For a non-technical role, include 4-8 short bullets detailing your core skills (also known as Areas of Expertise) organized in two or three columns. To decide what goes on this list, think of what the employer would primarily hire you for. Focus on quantifiable skills like copywriting, agile project management, Google Analytics, or sales funnel management. Keep in mind that skills like communication, time management, and collaboration—which are harder to quantify, and are claimed by most people—are not as effective on a resume.
Tip: When tailoring your resume to a specific role, the Skills section is your first opportunity to line up with the job description.
For a technical role, it’s important to list out all of your relevant technical skills. If you find that your list is too long to list out each item in a separate bullet, then organize your skills by type—software, programming languages, hardware, data analytics, or any other categories that apply.
Professional Experience Section
The Professional Experience section is uniquely important because it tells the story of what you’ve done in your career. For employers, this is a strong indicator of what you will be able to do for them.
The Professional Experience section should list your roles (company, job title, location, employment dates) in reverse chronological order. If you have significant professional experience, limit your resume to the past 10-15 years, as that is what is most relevant to the employer.
Ideally, you want to list three to six roles on your resume that demonstrate progress on your career journey. Under each role, you should list your responsibilities and accomplishments in bullets. Responsibilities describe what you were supposed to do, and accomplishments are the specific outcomes that demonstrate how well you performed your role.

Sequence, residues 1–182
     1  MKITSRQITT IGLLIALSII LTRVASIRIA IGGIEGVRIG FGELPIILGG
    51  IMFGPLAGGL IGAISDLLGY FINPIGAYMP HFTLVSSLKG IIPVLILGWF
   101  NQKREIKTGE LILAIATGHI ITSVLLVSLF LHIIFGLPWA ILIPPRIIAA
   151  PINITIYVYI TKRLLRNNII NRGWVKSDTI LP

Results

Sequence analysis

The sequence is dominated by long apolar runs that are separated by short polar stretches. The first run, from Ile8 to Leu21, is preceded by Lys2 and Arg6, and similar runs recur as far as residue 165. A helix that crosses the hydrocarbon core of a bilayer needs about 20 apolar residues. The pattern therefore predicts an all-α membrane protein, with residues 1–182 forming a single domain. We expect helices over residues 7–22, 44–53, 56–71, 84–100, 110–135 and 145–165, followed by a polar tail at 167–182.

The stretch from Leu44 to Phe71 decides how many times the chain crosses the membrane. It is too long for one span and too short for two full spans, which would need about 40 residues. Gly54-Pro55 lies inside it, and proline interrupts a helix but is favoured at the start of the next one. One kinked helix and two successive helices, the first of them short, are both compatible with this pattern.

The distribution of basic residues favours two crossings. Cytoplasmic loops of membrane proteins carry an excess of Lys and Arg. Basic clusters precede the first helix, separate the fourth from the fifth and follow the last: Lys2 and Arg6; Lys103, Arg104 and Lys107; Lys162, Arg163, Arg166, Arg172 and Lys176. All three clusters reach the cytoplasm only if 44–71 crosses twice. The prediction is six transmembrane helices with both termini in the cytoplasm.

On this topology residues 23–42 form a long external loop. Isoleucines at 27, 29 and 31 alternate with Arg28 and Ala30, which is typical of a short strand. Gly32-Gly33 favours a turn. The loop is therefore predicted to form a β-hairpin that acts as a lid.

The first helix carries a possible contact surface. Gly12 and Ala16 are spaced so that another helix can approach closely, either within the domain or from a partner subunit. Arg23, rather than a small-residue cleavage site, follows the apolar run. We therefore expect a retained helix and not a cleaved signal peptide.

Your most recent role should feature the most detail, with four to six bullets of no more than two lines each. Older roles should provide less information. Begin each bullet with an action verb that puts you in control. Include numbers to show the scope of your role and impact—how many leads did you convert, how much revenue growth did you drive, how many new hires did onboard, how large was the team you managed, and more.
Tip: Avoid chronological gaps in your Professional Experience. If you spent more than six months out of the workforce at any point—whether intentionally (for caregiving purposes or travel) or unintentionally (unemployment)—explain on your resume what you did during that time. Particularly highlight any activities relevant to your professional life, such as independent study, projects, and part-time or volunteer work.
Big Box Story, Service Associate, Middleton, CA 01/2015 – 02/2016
Provided customer service during checkout transactions and assisted customer questions and concerns in a big-box retail
Earned 8 Employee of the Week awards in one year on a team of 100+ associates
Enrolled over 200 consumers in new credit cards within a 15-month time frame (4x average rate)
Received “Certificate of Excellence” for success at upselling to customers
In this section, include degrees beyond high-school in reverse chronological order (include your high-school information only if you don’t have any education or training beyond it). For each entry in the Education section, list the degree, institution, location, and date of completion.
Tip: You can include pending or incomplete degrees by marking them as “In progress” or “Incomplete”—if you do so, make sure to include information on the classes/work you did complete.
Finalize Your Resume
Once you’ve completed your resume using the guidance in this document, try to have someone proofread it for you. Recruiters consistently say they will discard resumes with typos, even if the resume is in great shape otherwise.
Tip: Consider asking a few people you trust—especially those familiar with your work—to provide feedback on the content. Don’t feel obligated to incorporate all the feedback you receive, but be open to recommendations that can help enhance the quality of your resume.
In conclusion, please keep in mind that, while there is no such thing as a perfect resume, you can use this guide to create an effective resume that avoids common problems and pitfalls. As you progress in your job search, remember that your resume is a living document. You can make revisions based on any feedback you receive, but try to avoid losing valuable time trying to over-optimize. Focus on your skills and experience, present yourself in the best light possible, and get ready to land that next role!